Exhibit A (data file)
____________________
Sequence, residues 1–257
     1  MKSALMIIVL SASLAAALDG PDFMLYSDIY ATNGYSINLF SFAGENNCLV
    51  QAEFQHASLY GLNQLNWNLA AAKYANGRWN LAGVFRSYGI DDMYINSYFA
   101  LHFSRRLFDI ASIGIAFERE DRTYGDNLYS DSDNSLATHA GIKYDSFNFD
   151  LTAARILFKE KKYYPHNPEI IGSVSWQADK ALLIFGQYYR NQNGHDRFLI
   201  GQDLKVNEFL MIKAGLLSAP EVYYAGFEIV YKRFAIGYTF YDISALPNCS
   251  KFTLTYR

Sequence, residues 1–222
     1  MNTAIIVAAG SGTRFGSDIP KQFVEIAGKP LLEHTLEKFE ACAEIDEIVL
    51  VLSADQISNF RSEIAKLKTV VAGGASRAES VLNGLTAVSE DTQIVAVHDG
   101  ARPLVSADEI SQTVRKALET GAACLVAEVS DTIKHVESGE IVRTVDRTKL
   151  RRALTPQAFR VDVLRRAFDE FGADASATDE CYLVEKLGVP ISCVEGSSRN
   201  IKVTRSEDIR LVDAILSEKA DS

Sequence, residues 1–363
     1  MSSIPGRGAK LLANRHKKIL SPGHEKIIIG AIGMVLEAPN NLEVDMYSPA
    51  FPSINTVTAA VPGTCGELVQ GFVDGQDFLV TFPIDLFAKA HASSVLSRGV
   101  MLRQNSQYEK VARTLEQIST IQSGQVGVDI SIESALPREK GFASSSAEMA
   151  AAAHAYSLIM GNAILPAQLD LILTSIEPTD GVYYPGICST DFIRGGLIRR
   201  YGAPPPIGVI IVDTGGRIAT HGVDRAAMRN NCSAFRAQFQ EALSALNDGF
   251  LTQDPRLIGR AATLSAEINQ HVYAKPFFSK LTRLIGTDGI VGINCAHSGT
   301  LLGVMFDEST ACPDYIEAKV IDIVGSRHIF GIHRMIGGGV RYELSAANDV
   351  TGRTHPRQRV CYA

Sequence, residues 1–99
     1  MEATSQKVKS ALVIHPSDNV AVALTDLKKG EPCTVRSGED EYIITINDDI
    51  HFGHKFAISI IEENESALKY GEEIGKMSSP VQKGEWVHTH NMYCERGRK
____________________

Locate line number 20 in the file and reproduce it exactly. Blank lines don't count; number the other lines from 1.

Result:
   251  LTQDPRLIGR AATLSAEINQ HVYAKPFFSK LTRLIGTDGI VGINCAHSGT